François Legault and Gabriel Nadeau-Dubois discuss the energy transition

François Legault and Gabriel Nadeau-Dubois discuss the energy transition

Québec solidaire (QS) estimates that Quebec should accelerate the electrification of transport and end sales of gasoline vehicles by 2030 instead of 2035.

Updated January 16th


Caroline Plante and Jean-Philippe Denoncourt The Canadian Press

This was suggested by Parliament Speaker Gabriel Nadeau-Dubois during a rare neck-and-neck race with Prime Minister François Legault in Montreal on Monday.

Last week, Mr Legault said he wanted to focus on Quebec’s electrification, its businesses and its transport in the coming months.

He took the opportunity to announce a series of meetings with opposition party leaders, taking the trouble to include Conservative leader Éric Duhaime, who had not elected an MP to the National Assembly.

“We have to convince our companies, we have to convince the citizens to electrify,” said the Prime Minister. It’s a nice challenge. This is a challenge that I would like to face up to with the oppositions. »

Mr Nadeau-Dubois reports that he has proposed to the Prime Minister to pass a law to speed up the electrification of freight transport.

He also wants Quebec to accelerate the electrification of buildings heated with fossil fuels through an “ambitious” stimulus program.

And that companies receiving government support will be encouraged to gradually adopt clean Quebec technology (“eco-conditionality measures”).

Finally, Mr Nadeau-Dubois urged Mr Legault to urgently reinvest in public transport companies to avoid a reduction in service.

The meeting, which lasted more than an hour and a half, went well; the tone was “cordial”, Mr. Nadeau-Dubois later confided in an interview.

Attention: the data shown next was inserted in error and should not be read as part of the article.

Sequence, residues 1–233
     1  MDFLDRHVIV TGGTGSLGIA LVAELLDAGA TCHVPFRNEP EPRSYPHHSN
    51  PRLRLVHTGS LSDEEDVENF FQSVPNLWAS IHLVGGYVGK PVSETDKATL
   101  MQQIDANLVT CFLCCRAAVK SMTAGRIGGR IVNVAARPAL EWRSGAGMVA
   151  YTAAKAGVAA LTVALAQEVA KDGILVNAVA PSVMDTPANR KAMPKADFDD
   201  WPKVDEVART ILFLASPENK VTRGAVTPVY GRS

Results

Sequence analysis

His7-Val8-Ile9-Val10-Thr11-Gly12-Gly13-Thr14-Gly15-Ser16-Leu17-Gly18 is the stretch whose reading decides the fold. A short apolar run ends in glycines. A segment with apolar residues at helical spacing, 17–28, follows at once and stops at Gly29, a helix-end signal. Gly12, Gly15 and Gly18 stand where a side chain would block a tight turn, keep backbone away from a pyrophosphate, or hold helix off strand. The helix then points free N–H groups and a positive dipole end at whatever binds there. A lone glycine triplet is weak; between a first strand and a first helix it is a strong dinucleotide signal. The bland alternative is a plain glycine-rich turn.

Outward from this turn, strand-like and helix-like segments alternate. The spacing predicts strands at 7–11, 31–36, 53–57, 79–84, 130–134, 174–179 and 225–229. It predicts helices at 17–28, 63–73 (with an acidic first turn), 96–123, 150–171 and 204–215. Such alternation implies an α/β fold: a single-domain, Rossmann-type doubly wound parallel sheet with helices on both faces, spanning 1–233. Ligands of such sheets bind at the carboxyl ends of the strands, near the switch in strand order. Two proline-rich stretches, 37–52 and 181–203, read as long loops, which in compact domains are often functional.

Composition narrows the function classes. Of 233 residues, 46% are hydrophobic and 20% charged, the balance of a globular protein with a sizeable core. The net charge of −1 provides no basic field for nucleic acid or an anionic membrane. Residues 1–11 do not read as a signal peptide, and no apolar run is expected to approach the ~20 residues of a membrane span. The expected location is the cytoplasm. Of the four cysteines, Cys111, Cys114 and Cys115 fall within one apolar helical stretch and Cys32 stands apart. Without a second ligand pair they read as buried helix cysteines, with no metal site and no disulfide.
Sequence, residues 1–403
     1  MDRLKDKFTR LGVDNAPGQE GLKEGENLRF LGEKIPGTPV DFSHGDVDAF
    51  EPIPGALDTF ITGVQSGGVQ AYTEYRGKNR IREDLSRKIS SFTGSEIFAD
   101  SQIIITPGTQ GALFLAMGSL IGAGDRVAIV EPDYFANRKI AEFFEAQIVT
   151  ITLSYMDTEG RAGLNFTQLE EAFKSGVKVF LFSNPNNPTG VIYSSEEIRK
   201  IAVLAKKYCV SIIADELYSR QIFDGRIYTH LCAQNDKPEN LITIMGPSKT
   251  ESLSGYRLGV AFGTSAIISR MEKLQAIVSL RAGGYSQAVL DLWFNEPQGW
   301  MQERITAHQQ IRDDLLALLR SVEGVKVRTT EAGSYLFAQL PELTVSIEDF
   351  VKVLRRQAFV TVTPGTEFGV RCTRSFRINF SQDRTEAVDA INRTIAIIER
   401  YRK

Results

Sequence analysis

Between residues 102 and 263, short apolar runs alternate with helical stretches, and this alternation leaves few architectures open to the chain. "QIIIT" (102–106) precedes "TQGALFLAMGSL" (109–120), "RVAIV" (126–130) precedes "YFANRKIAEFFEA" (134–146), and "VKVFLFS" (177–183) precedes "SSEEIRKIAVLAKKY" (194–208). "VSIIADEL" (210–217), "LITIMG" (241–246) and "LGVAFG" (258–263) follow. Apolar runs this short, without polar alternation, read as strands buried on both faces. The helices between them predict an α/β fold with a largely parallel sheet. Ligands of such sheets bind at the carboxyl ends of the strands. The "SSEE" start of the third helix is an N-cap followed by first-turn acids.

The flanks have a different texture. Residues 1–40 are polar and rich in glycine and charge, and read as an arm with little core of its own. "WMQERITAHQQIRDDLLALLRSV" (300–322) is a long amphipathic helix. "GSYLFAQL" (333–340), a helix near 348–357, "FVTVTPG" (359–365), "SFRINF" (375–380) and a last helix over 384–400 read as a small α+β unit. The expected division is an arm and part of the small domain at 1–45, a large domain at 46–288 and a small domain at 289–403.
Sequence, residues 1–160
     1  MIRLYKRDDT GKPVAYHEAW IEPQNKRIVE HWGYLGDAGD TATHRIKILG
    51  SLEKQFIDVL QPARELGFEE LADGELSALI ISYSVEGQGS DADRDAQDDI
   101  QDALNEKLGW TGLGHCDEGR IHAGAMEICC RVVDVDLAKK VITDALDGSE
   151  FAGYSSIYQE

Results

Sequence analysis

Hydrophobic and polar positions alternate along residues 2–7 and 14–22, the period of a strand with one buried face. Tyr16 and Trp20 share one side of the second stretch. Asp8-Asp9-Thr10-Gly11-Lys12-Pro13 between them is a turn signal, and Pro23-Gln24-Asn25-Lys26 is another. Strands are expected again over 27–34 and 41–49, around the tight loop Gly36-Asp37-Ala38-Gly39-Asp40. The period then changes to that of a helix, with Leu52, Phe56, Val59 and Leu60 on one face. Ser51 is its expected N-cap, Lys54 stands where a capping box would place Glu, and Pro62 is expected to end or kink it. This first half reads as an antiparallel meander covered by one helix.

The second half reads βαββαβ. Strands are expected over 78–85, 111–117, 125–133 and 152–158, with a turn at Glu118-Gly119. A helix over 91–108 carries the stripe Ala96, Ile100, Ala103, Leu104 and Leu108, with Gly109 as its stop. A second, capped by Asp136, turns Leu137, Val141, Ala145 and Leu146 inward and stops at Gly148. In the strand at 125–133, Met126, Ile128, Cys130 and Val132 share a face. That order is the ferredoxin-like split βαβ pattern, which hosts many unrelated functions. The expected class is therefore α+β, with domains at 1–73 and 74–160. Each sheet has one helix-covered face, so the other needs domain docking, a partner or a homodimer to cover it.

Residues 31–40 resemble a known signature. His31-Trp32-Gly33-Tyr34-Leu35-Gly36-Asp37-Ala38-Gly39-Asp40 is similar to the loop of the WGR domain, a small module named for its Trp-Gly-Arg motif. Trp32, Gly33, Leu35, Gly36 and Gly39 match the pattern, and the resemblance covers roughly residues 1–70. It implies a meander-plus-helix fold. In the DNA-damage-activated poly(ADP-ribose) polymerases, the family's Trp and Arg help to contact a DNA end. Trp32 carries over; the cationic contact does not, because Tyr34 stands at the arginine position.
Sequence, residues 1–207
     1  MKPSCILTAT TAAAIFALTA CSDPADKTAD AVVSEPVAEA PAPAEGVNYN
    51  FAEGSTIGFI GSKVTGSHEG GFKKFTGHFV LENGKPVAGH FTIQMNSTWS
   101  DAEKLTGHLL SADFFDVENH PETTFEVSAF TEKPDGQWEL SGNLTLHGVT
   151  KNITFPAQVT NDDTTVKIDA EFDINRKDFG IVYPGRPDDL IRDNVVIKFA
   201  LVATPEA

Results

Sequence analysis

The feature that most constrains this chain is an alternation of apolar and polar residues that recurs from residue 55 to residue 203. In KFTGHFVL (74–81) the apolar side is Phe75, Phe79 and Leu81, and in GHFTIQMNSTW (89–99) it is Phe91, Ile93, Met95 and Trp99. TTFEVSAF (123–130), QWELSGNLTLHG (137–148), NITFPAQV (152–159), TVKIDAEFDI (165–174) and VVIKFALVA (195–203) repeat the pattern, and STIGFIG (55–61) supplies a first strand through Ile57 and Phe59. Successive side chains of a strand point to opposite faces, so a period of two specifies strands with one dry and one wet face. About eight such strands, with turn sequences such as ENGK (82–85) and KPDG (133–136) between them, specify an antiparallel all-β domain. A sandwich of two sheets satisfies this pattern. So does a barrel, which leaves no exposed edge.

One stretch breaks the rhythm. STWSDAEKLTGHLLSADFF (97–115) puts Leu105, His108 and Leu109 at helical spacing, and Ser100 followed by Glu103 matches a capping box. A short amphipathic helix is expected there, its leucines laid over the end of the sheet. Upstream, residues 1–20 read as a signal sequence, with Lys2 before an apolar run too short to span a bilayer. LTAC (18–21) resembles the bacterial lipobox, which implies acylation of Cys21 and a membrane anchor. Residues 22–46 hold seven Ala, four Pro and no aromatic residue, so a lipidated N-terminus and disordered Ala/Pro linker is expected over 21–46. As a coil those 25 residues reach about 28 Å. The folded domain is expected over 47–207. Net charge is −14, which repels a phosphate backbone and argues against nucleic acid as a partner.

“The PM, I felt like he was listening, but what’s even better than listening is results,” he said. Now I expect Francois Legault to deliver the goods.

“He knows very well that his plan to combat climate change does not make it possible to achieve the Quebec goals. It is now up to him to review that plan,” he added.

In addition to issues related to energy and the environment, Mr. Nadeau-Dubois said that he had discussed with Mr. Legault in particular the housing crisis, the cost of living, the minimum wage and healthcare employment services.

“I will judge the usefulness of the meeting when I see the results,” he concluded.

The PLQ proposes a travel commission

For his part, the interim leader of the Quebec Liberal Party (PLQ), Marc Tanguay, who will meet Mr Legault on Thursday, proposes launching a national consultation on the future of energy in Quebec.

This travel commission would focus on Quebec’s current and future needs and the investments needed to achieve the energy transition and achieve carbon neutrality by 2050.

She would consult with the public and experts and be asked to report by the end of 2023, according to a Liberal statement on Monday.

Mr. Tanguay and his energy spokesman, Gregory Kelley, hope that commission members will visit all regions of Quebec and that Indigenous nations will be involved in the process.

The commission should be chaired jointly by two MPs, one from the government and the other from the party that forms the official opposition.

According to the government, in order to meet Québec’s energy needs, around 100 terawatt hours (TWh) must be added to the around 210 TWh already produced annually.

Liberals believe the public must be consulted on the principles that will guide government and Hydro-Québec decisions.

They point out that energy demand is expected to continue to grow, especially as Quebec looks to help its neighbors reduce their dependency on fossil fuels.

Under the circumstances, the government should not “decide everything behind closed doors,” Tanguay said in a statement.